As a LO user for years (started with version 2.x or OpenOffice) I have to say that you are right in some part.LO Calc is poor replacement for Excel if it comes to data analysis. It is just impossible to open any larger file with data (>100000 records) without clogging memory extensively and having large delays. Removing rows in such file is an awful experience, and because devs have a top-grade processors with server-like amounts of RAM this is not a problem. This is what itches me the most as I frequently deal with measurements results.Although significant effort is made in this field, the "curse of Agnubis" as I call it, is still present in some cases. The name is from Agnubis, the experimental FOSS presentation software which had a very interesting save feature (available as a patch): It dumped a whole state of program as a file. The problem was that restoring of such state, as not all objects were configured and "registered" during load, was problematic and frequently did not return all changes. Well, that was probably the last version of Agnubis :). LO tends to "forget" cropped image positions, linked areas, sometimes even text flow properties. Because this happens in larger documents, it's not taken as a bug.For dev who invented that putting uneditable defaults in "normal" template is a good idea I recommend to work in a more suitable field, which does not require thinking about future actions.Although Calc, Writer and Impress are indeed usable in a simple tasks and they may replace Office in home/small company environment, the Draw and Base are not. SVG exported by Draw is worse than HTML exported by MS Word.And the Base. It looks like an ordinary user who wants to make a small relational database of his stuff needs to pay for a server and hire a geek to do it in C++, Python or similar language. Base is a perfect example how to waste a good software by using lots of libraries for the same thing, which has impact on stability and memory usage. And Base is done without any thinking about how it will be used. This is a database, there will be macros everywhere! And in Base lots of normal things like opening system windows requires complex hacks which are more exploit-like.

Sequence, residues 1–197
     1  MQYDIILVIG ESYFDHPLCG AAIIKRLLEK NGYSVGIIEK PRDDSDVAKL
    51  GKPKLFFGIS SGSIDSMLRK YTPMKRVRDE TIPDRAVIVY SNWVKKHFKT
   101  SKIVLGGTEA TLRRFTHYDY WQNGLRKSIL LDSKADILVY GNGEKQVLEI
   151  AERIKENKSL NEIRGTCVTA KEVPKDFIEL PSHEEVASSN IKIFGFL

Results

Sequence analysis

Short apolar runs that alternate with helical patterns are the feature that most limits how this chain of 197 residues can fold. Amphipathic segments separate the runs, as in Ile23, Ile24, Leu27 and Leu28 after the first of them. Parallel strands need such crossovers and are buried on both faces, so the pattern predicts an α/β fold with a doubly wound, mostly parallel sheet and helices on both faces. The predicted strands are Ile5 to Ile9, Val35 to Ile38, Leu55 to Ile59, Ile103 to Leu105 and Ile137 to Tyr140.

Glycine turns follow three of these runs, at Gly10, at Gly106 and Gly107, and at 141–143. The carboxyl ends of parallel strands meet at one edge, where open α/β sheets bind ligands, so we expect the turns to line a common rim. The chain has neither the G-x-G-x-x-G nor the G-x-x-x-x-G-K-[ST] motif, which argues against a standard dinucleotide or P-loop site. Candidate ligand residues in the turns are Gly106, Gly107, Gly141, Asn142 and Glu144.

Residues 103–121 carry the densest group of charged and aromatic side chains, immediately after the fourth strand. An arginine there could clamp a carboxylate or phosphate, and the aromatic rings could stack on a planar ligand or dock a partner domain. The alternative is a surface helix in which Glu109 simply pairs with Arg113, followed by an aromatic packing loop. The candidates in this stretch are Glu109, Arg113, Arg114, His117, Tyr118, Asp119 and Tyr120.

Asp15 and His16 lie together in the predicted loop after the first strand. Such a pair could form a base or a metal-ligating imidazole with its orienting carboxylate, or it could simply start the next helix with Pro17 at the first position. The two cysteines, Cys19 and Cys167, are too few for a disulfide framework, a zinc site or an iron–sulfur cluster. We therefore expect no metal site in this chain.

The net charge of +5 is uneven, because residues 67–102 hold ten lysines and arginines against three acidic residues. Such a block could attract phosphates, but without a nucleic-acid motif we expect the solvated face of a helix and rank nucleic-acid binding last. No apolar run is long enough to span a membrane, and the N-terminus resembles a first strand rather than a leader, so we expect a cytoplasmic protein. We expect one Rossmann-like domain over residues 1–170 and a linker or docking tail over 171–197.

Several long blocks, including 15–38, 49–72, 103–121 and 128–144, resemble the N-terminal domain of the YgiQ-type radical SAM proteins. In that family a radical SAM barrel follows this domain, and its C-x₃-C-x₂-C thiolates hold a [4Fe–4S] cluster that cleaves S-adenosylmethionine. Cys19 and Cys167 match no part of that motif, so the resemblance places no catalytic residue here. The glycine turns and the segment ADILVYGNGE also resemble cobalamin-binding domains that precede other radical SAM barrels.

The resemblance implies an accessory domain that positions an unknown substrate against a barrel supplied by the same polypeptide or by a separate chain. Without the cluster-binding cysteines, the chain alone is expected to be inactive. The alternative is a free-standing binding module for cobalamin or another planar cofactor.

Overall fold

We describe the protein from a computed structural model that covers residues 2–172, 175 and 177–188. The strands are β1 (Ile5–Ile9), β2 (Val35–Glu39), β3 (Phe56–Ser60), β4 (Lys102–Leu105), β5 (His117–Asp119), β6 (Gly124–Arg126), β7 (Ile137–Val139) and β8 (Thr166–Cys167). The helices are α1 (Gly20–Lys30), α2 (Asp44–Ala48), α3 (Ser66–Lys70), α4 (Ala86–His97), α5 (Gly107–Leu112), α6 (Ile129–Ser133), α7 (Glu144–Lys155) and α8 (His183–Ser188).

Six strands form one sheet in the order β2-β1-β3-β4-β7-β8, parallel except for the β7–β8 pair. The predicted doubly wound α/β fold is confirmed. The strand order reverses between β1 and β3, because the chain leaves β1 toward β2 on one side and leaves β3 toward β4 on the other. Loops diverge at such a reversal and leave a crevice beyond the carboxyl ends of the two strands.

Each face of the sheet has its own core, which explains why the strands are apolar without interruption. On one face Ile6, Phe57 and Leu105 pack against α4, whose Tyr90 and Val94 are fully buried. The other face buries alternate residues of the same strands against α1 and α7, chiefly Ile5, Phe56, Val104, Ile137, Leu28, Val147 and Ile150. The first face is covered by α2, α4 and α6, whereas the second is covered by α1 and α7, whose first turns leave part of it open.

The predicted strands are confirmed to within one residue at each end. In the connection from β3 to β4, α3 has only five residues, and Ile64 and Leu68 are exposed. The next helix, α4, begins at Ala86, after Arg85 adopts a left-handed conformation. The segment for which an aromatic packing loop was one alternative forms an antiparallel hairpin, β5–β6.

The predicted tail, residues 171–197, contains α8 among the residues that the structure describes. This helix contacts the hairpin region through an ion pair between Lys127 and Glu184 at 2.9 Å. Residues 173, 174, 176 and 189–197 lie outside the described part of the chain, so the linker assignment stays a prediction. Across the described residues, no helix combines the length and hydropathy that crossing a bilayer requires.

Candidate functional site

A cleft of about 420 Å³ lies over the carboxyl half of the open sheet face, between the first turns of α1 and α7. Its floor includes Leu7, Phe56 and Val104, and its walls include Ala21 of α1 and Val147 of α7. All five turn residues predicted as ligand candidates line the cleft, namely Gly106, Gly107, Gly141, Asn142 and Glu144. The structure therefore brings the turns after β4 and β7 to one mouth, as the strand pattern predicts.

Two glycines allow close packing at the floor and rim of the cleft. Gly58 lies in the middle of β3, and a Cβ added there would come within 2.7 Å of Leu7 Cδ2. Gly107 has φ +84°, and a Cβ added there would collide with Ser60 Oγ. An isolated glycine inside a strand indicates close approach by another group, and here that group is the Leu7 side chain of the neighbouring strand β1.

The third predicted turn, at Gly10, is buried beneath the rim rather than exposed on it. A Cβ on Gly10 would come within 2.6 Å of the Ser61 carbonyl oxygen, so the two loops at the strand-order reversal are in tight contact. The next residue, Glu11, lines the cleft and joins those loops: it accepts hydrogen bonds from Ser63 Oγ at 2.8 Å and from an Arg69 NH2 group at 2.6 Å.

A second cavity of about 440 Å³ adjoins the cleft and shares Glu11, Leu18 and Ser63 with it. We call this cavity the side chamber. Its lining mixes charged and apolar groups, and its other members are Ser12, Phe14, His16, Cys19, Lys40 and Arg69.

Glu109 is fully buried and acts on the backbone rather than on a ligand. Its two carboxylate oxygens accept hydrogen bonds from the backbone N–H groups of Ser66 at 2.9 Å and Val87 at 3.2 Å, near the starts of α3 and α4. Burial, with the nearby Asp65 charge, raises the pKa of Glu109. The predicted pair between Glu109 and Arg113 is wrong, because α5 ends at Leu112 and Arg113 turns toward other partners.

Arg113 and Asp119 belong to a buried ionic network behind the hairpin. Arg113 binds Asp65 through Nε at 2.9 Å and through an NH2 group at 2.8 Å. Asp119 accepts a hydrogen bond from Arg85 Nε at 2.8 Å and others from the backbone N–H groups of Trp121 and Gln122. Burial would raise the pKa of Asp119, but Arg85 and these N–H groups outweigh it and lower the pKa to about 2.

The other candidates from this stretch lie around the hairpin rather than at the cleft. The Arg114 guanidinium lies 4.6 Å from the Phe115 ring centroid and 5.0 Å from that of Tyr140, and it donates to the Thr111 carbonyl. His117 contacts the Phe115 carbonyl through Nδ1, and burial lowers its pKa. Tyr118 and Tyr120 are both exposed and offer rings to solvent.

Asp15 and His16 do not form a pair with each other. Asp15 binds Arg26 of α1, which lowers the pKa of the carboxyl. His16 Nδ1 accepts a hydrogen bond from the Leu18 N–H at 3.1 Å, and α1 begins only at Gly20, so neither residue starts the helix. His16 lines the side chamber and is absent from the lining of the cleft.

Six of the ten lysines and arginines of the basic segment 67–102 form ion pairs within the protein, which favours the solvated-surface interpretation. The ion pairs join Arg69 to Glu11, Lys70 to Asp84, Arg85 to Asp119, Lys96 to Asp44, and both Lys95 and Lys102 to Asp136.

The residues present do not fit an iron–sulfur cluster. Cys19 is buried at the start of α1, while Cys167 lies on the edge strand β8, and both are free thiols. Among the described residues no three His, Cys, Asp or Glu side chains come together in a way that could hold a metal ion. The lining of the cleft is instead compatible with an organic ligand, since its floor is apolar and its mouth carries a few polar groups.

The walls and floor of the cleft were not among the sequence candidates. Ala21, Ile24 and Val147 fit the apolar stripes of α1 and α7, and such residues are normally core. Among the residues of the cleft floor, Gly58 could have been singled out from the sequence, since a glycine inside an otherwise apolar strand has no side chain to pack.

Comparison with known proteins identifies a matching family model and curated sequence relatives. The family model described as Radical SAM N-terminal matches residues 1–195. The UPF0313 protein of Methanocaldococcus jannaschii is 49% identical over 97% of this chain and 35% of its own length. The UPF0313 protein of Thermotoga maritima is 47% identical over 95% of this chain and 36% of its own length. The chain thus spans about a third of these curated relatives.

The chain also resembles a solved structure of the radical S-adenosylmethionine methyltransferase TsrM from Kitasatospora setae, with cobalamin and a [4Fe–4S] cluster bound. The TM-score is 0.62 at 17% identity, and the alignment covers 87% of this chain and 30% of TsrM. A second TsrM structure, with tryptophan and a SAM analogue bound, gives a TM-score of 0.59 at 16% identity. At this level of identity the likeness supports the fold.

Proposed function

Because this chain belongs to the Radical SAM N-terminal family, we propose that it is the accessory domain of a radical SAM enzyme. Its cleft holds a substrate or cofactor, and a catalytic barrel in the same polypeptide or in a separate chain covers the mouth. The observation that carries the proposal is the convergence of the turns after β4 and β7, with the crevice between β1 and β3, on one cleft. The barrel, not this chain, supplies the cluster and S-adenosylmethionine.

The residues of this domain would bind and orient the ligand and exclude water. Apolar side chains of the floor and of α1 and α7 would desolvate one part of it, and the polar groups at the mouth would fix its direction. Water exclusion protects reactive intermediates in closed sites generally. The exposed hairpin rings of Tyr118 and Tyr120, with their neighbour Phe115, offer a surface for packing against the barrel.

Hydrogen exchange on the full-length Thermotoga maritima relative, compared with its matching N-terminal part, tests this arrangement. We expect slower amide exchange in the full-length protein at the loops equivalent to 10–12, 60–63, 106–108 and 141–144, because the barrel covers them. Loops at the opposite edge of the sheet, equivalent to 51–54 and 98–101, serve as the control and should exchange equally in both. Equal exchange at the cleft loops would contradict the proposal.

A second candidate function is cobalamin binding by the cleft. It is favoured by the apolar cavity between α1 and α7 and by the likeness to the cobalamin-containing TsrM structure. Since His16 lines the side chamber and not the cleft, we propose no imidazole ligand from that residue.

And if, like most companies, you already have invested in highly complex Excel spreadsheets you're going to have one hell of a time convincing management to even try to allocate the resources needed to port them to Calc.